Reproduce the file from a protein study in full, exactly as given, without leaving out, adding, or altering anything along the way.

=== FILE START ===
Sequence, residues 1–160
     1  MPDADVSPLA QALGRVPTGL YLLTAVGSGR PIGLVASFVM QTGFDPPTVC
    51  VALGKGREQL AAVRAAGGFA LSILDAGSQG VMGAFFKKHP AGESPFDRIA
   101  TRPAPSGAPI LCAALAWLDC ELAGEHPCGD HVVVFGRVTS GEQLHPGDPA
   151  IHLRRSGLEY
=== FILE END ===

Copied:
Sequence, residues 1–160
     1  MPDADVSPLA QALGRVPTGL YLLTAVGSGR PIGLVASFVM QTGFDPPTVC
    51  VALGKGREQL AAVRAAGGFA LSILDAGSQG VMGAFFKKHP AGESPFDRIA
   101  TRPAPSGAPI LCAALAWLDC ELAGEHPCGD HVVVFGRVTS GEQLHPGDPA
   151  IHLRRSGLEY